Tuesday, June 16, 2015

In My Family Tree: Hige Boles


My great-grandfather, Ahija Boles, and his second cousin, Willie Winningham, owned Winningham Chevrolet. One day Hige came home with a brand new Chevrolet, which had a manual transmission with the stick shift on the floor instead of on the steering column. He sat down in a chair with the owners manual in his left hand and practiced pushing in the clutch with his right foot and shifting gears with his right hand. After a while he said, "I think I can do this!" Hige did a lot of stuff during his lifetime, from farming to sheriffing to selling cars and real estate. Folks knew him as Hige or A.H., but I knew him as Papa Boles.

Tinker Dave Beaty with his brother-in-law, John Boles (left), and nephew, George Boles. They were members of Tinker Dave's Independent Scouts during the Civil War.

Hige was born in the year 1882. During the civil war, both his father and his grandfather were members of Tinker Dave Beaty's Independent Scouts. Tinker Dave's sister, Matilda, was Hige's grandmother. Right after the war, Hige's grandfather, John Boles, served a term as sheriff of Overton County. His wife, Nannie's, great grandfather, Elijah Koger, had been part of the home guard in Clinton County during the war.


I think Hige inherited a desire to try and separate right from wrong from his father and grandfather, because in 1925 he became a candidate for sheriff of Clinton County. Hige was elected and served as sheriff from 1926 to 1929. He confiscated so much moonshine and illegal whiskey that when he began talking about a second term, he heard serious rumors that if he won another term, his life would be in danger. So, at the next election, Willie ran for sheriff and won. Hige served as his deputy. At the same time Willie was sheriff of Clinton County, his father, George, was sheriff of Pickett County. George's son, Floyd, was his deputy.


On Saturday, April 22, 1933, George and Floyd tried to arrest Jerome Boyett at a lumber camp, but Jerome Boyett opened fire on them, killing Floyd instantly. George died the following day while enroute to a hospital in Nashville. Boyett fled into the woods, but later fearing for his life after a vigilante posse was formed, turned himself in to authorities in nearby Oneida. A few days later, a mob showed up and took Boyett from the jail and into a wooded area, where he was killed.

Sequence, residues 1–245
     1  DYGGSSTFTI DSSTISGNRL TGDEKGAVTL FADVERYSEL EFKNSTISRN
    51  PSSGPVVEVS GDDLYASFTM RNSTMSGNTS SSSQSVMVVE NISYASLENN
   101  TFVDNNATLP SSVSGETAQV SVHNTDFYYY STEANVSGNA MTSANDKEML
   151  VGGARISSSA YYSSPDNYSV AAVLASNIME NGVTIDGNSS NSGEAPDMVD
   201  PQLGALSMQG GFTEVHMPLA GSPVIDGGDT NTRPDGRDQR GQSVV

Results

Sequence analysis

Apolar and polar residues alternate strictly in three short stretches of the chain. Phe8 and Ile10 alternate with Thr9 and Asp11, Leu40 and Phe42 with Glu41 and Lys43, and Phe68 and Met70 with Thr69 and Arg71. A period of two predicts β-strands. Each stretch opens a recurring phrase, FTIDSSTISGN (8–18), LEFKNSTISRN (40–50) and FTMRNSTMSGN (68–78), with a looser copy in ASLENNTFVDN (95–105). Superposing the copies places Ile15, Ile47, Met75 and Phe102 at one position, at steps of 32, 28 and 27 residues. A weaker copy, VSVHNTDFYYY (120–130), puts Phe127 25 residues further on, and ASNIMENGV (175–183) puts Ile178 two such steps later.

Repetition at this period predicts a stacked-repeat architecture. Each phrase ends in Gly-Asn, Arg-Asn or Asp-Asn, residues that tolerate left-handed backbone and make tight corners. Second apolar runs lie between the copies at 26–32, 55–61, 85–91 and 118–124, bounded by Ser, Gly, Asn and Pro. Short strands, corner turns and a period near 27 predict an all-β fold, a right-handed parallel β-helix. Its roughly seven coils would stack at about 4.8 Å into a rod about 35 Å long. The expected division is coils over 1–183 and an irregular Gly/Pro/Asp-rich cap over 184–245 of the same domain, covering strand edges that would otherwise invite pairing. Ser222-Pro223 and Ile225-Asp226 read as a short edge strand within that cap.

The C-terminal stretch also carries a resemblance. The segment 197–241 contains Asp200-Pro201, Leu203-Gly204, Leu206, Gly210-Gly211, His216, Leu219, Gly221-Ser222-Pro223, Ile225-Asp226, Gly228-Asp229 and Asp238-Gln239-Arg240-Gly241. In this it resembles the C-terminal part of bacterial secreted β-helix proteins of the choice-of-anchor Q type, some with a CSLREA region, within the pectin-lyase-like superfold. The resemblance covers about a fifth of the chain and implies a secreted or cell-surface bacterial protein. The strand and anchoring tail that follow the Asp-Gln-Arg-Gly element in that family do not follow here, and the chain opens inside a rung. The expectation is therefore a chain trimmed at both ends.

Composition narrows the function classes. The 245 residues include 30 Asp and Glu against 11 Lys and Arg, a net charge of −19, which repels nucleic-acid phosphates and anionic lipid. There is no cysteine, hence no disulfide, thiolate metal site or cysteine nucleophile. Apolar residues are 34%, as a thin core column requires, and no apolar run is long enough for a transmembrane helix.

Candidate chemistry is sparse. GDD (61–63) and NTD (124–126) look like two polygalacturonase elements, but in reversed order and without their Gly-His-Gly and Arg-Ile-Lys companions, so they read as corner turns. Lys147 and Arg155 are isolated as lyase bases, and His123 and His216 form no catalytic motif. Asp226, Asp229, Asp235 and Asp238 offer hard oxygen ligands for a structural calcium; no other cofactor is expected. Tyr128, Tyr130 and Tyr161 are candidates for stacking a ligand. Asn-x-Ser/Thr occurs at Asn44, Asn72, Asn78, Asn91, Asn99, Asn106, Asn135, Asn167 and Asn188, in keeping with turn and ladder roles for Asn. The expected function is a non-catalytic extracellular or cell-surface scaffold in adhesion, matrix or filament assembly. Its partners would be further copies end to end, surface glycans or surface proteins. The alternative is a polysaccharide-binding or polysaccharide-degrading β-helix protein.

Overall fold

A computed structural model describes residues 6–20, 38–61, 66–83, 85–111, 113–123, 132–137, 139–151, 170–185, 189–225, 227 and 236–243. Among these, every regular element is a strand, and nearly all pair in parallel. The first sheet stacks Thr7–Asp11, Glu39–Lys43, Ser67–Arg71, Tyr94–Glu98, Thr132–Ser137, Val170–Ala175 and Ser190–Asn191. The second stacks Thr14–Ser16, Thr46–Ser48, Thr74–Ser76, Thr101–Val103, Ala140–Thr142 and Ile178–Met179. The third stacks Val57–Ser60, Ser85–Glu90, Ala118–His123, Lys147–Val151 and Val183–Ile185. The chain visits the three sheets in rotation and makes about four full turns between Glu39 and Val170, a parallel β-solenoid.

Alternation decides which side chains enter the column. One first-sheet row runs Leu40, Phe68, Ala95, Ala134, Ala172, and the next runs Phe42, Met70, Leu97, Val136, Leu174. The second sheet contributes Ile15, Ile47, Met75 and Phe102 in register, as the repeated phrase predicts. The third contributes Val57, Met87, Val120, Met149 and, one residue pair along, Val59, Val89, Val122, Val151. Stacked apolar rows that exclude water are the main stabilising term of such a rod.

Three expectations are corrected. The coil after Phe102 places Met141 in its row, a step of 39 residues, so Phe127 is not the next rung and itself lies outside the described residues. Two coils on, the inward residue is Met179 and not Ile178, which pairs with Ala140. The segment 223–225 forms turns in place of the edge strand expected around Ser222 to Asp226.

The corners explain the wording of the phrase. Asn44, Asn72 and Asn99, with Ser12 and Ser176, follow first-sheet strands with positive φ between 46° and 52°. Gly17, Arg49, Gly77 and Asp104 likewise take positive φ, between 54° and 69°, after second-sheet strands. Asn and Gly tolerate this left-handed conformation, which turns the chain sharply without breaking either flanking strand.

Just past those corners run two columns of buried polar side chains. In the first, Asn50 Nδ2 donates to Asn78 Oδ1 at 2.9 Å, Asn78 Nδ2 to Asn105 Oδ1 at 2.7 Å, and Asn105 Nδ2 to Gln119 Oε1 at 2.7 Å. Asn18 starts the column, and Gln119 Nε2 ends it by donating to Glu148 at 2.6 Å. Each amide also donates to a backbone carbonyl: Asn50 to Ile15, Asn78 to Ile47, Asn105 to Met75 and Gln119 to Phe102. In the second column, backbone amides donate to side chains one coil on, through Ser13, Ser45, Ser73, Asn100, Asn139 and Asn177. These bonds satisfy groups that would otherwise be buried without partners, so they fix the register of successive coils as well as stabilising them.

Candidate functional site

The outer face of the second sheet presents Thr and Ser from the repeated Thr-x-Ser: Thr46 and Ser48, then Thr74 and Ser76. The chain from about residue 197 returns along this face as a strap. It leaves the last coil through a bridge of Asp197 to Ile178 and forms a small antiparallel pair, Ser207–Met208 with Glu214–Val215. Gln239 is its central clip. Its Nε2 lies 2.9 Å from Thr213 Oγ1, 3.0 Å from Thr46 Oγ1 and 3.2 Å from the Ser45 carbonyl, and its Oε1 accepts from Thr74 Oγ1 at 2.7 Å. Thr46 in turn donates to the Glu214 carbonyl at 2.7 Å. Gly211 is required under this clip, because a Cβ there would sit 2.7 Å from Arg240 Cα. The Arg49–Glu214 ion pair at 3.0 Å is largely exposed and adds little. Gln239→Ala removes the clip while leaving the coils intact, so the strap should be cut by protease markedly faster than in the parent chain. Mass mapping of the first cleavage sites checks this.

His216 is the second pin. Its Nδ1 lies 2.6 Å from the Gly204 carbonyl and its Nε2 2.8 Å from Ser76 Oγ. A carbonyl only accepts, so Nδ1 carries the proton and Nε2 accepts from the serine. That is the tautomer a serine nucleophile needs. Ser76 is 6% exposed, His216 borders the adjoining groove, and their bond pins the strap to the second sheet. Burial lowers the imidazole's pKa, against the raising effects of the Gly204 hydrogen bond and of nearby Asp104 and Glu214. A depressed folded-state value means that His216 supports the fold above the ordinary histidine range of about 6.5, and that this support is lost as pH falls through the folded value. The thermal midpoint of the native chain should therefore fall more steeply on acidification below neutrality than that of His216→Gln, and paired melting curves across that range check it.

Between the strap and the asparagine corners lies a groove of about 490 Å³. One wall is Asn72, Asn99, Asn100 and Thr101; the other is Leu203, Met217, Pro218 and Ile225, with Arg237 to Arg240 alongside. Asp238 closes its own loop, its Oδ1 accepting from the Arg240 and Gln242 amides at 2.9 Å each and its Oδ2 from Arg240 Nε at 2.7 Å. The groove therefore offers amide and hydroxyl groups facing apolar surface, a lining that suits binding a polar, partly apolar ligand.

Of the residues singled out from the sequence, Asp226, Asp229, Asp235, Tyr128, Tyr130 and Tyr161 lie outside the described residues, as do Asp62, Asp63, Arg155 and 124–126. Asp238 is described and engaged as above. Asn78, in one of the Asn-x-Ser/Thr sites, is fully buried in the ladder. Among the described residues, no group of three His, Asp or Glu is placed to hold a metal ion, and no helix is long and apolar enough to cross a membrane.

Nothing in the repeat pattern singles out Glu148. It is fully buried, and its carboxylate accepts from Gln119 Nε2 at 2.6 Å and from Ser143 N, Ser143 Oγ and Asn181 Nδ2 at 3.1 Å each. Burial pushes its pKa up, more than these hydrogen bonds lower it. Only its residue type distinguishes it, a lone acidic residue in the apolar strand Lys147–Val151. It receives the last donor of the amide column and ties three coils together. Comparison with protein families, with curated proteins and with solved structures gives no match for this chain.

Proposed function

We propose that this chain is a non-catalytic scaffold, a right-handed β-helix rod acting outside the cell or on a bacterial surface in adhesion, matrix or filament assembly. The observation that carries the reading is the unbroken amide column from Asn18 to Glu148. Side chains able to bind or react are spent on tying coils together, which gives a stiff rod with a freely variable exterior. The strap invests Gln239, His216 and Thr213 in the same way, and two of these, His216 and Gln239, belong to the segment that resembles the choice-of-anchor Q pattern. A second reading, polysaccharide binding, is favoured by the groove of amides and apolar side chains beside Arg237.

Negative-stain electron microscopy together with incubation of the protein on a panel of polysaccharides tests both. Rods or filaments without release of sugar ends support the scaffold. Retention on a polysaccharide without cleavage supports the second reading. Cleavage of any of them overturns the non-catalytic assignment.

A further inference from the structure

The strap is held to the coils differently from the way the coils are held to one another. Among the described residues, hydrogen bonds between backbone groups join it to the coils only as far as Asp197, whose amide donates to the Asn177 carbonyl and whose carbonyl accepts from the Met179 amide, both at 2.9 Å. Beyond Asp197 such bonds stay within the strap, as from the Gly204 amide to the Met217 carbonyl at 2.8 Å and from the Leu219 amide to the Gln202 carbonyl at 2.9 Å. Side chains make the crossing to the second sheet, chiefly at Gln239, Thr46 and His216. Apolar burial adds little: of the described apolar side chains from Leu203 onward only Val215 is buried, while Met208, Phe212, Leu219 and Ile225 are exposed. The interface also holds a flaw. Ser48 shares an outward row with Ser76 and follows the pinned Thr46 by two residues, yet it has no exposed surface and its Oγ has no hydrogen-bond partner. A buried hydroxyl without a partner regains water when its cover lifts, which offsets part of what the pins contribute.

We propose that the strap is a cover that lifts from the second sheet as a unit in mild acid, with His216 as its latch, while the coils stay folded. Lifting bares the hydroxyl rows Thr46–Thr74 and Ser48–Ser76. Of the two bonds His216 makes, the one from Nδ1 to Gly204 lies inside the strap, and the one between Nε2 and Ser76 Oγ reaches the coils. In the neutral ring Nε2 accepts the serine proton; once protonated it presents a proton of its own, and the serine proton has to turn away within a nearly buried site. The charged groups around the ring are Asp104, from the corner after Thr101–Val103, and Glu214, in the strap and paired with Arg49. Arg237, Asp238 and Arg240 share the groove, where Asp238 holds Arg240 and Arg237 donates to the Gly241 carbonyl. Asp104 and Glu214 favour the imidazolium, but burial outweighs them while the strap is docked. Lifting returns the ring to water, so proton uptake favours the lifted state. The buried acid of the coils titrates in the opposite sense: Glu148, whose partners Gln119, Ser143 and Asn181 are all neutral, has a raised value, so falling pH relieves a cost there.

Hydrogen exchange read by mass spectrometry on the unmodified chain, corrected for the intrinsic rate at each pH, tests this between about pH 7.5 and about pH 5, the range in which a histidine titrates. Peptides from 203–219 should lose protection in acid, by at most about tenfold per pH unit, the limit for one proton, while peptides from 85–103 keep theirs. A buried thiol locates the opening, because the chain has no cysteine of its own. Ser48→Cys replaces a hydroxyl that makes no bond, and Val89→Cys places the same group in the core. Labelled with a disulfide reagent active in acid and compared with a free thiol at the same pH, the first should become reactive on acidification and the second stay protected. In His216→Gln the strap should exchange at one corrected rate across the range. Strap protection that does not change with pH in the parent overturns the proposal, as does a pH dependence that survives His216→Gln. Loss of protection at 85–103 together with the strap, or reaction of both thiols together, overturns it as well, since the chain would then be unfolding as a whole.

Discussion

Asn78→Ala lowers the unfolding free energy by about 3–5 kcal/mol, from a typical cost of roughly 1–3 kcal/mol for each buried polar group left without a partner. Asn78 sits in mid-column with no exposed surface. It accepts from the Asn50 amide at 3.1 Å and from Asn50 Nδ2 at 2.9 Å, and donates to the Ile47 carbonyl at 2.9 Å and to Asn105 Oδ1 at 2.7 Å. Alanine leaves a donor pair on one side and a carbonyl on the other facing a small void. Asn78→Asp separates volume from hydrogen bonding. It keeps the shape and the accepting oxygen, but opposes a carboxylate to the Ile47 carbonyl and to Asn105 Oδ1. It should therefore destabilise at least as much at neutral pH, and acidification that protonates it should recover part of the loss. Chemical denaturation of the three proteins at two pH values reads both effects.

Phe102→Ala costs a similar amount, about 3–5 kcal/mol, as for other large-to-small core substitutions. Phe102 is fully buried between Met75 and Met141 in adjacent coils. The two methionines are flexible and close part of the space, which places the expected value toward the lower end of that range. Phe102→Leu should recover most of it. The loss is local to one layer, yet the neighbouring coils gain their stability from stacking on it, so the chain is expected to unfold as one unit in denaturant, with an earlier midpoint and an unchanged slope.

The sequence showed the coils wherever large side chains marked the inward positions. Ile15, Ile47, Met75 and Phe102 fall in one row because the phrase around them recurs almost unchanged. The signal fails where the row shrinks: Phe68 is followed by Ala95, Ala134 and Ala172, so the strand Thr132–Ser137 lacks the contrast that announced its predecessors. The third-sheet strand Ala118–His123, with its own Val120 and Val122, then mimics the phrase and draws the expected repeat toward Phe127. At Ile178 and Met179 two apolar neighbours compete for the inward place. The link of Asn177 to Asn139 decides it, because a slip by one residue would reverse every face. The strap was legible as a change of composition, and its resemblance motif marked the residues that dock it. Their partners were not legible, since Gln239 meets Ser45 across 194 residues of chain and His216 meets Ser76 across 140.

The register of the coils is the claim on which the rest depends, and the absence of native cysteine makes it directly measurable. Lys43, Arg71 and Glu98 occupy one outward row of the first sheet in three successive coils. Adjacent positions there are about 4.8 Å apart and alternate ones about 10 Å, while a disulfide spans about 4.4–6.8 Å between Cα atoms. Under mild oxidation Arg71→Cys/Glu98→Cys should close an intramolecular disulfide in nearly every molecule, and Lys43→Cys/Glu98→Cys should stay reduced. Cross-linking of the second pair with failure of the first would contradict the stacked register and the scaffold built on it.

After that all went down, Willie was ready to get out of the sheriffing business. With the next election coming up, Willie filed as a candntye election day, Willie went to the Highway community to arrest Reed Cox for shooting at a man. He tried to get Cox to surrender peacefully, but that didn't work. Shots were fired resulting in the two men killing each other. Willie's wife, Anne, served the remaining six months of his term as sheriff. Hige stayed on as her deputy.

A new book will soon be released that deals with the Jerome Boyett story. Hige was in the woods that night. Whether or not he actually participated in the lynching is a matter of opinion. My grandfather always claimed that Hige stayed back, acting as a lookout and did not participate in the lynching. Many of the men involved died mysteriously over the next 20 years, but Hige lived to be 93.

Hige and Nannie Boles

Mom pulled into the grocery store one day. She was only going to be gone a second. I decided i want to scare my brothers and sister. As soon as she disappeared into the store, I very stupidly grabbed the gear shift and pulled it from park into neutral. Suddenly, the car began to roll backwards toward an awaiting busy street. But then...it stopped! I could not understand why, until I looked out the back window and saw Hige standing behind the car, holding it with all his might while someone else reached inside the car and put it in park. I can still see him standing there with his outstretched arms, using every bit of strength an 80-year-old man had to keep our car from rolling out into the street. But, where did he come from? I thought that he magically appeared to rescue us kids. I later learned he had been standing across the street and didn't know that mom had asked him come over and watch after us until she returned. I deserved the spanking I got, but from then on, I looked at Hige in a totally different way. He was my angel.

Hige grew older and slowly his body began to wear down. He lost his hearing and then his eye sight. And then the day came when we were called to his bedside. He had not raised his head or spoken a word for several days. When we walked into his hospital room, suddenly his eyes opened and he sat straight up in his bed. We gathered around him to hug and kiss him and to be hugged and kissed by him as the tears rolled down our cheeks, including his. Hige died peacefully in his sleep the following day. I think God let him live long enough to allow me to see my angel one last time.

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